With a customer base especially vulnerable to the threats of coronavirus, the Social Security Administration will continue to rely on telework for its employees and appointment-only services for the public, according to agency plans.
SSA’s “reposturing plan,” which Federal News Network obtained, describes how the agency will balance the safety of its workforce and members of the public —many of whom meet the Centers for Disease Control and Prevention increased risk criteria — while “delivering good public service, with empathy,” according to a statement on the first page.
Insight by ServiceNow: IT practitioners provide insight into how they are creating a digital fabric by optimizing cloud and citizen services in this exclusive executive briefing.
“Telework, while not the preferred service channel for all customers or workloads, has allowed us to maintain most services while reducing the spread of COVID-19 and protecting the public and our staff,” the plan, dated Aug. 20, reads. “We may need to maximize telework for an extended time depending on state and local decisions and environments. Thus, part of our COVID-19 response will be to improve our telework posture, including exploring technology and/or business process solutions while taking steps to further ensure management oversight and employee accountability.”
SSA didn’t immediately respond to a request for comment.
The Aug. 20 resposturing plan is the first written document on SSA’s reopening approach that union officials have seen, said Ralph de Juliis, president of the American Federation of Government Employees Council 220. The council represents employees at SSA’s field and local offices.
SSA has been relatively quiet about its reopening plans for the past several months, even as other federal agencies have made reentry guides available to their employees and recalled portions of their workforces back to the office.
Though it’s light on details and provides no dates for when the agency will enter specific phases, the SSA plan suggests appointment-only services will continue for some time. And while it’s unclear how long the vast majority of SSA employees will continue remote work, the new reposturing plan is a departure from the agency’s approach to telework before the pandemic — when employees experienced cuts to the program or lost privileges altogether earlier this year and last fall.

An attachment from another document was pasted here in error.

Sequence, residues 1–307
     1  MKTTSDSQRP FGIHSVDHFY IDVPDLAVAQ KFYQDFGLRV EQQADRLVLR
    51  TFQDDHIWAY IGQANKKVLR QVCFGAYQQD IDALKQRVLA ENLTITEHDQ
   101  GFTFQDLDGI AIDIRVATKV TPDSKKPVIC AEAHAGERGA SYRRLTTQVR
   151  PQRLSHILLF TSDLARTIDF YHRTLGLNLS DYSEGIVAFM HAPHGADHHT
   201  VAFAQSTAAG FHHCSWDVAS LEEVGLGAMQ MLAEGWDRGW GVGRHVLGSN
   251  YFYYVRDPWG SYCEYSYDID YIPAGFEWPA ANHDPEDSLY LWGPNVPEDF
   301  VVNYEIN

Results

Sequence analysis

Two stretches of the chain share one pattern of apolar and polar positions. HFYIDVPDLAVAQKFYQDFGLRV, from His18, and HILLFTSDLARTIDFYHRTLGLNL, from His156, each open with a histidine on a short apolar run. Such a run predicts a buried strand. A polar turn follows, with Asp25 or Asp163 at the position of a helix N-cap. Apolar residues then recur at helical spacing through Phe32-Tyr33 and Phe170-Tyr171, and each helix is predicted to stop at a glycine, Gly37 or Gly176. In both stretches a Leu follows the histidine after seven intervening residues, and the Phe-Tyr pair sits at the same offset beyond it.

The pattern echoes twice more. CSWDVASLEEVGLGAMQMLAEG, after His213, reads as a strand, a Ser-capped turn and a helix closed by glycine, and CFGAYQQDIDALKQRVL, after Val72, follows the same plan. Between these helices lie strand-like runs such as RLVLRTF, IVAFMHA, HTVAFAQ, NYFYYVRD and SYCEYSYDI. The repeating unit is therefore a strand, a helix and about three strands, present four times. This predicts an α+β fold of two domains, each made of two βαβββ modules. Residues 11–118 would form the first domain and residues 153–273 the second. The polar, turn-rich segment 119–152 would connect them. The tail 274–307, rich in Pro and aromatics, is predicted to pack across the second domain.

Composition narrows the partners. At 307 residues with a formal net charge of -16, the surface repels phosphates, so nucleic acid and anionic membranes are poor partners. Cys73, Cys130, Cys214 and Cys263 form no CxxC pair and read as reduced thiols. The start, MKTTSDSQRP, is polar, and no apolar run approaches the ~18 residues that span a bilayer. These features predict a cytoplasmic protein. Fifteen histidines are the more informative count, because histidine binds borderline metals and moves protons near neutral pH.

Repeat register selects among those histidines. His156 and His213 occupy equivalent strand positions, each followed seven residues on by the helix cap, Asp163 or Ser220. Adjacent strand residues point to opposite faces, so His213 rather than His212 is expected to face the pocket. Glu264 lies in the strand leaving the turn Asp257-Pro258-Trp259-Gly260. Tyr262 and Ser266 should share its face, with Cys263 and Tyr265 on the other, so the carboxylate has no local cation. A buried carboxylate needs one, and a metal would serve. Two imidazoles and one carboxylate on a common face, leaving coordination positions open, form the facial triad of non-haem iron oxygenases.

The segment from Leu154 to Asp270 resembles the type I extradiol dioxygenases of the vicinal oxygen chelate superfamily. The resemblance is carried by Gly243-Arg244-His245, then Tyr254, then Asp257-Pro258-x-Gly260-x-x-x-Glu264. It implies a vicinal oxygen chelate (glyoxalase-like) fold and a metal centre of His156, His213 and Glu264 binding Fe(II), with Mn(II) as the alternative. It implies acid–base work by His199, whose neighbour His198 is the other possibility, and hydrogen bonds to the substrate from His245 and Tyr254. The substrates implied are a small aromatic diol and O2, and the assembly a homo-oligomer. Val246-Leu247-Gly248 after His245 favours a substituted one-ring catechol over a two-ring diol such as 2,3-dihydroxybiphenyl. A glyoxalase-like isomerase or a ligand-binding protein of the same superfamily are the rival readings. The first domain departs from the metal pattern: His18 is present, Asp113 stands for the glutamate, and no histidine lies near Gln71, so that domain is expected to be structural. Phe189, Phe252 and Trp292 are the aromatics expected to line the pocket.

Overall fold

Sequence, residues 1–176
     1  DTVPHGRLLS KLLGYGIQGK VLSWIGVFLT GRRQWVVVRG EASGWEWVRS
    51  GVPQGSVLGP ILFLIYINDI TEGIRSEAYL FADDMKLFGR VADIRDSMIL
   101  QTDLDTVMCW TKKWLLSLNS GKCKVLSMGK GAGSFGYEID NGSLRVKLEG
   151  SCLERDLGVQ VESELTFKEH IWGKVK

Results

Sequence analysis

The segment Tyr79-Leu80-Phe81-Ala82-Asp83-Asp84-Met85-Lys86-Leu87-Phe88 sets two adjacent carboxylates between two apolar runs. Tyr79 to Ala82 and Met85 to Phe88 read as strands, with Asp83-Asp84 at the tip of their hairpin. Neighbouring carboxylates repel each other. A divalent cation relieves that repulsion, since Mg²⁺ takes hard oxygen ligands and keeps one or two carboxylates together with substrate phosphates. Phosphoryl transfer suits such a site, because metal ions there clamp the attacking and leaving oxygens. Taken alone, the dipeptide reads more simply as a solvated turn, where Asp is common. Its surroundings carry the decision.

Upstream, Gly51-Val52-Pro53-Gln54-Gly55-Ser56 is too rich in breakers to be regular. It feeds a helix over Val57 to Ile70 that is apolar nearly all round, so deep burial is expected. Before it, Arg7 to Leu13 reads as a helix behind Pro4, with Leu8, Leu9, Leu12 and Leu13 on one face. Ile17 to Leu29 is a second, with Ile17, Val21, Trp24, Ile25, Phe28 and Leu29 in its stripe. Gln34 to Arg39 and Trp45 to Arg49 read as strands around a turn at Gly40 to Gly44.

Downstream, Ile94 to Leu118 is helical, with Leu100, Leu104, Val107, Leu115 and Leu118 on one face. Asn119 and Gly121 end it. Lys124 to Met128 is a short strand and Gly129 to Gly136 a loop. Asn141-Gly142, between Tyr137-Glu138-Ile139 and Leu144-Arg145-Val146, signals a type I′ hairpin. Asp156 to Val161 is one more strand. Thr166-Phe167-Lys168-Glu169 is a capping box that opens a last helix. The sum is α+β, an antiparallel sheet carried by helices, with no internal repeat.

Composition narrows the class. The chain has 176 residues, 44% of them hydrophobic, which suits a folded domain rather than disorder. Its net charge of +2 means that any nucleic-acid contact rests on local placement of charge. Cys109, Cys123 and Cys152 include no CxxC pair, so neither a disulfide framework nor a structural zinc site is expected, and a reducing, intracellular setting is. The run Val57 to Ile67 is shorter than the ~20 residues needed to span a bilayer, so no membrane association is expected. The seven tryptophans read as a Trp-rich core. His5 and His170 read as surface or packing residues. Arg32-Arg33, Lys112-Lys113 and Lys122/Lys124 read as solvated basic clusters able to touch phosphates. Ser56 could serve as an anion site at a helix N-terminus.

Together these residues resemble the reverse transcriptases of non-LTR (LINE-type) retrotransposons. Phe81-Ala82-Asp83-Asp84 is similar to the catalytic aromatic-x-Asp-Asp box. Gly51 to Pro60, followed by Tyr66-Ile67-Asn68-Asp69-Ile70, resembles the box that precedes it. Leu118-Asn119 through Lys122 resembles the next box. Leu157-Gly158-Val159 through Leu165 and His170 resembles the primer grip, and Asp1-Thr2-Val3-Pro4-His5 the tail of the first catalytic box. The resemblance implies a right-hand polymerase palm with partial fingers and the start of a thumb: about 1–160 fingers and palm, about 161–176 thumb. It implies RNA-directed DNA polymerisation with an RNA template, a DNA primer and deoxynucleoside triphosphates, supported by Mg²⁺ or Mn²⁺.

Now, “maximum telework” will continue through phase one, and it will be “encouraged” through phase two.
During phase one, the agency may require employees to return to SSA facilities “if it necessary to perform essential duties,” according to the plan. SSA will maintain no more than 25% of office staffing, the agency said.
Under phase two, SSA will maintain no more than 50% of office staffing to perform essential services. “SSA may expand in-office workloads based on local conditions and needs, as necessary, while continuing telework for portable work,” the agency said.
The public will be required to make an appointment for in-office services through phases one and two, according to the SSA reposturing plan.
SSA will still require appointments for most workloads during phase three, the agency said.
“Given current information about COVID-19, while phase 3 implementation of the White House gating criteria permits a return to pre-COVID-19 operations, many members of the public we serve meet the definition of the CDC’s vulnerable populations at higher risk for serious complications,” SSA said in its reposturing plan. “This fact, combined with our ability to maintain much of our public service over the telephone or online, necessitates continuing to operate with an appointment only in-office service model.”
The plan for telework during SSA’s phase three is less clear. The agency will resume “unrestricted staffing of worksites and continue telework where work is not negatively affected,” the plan reads.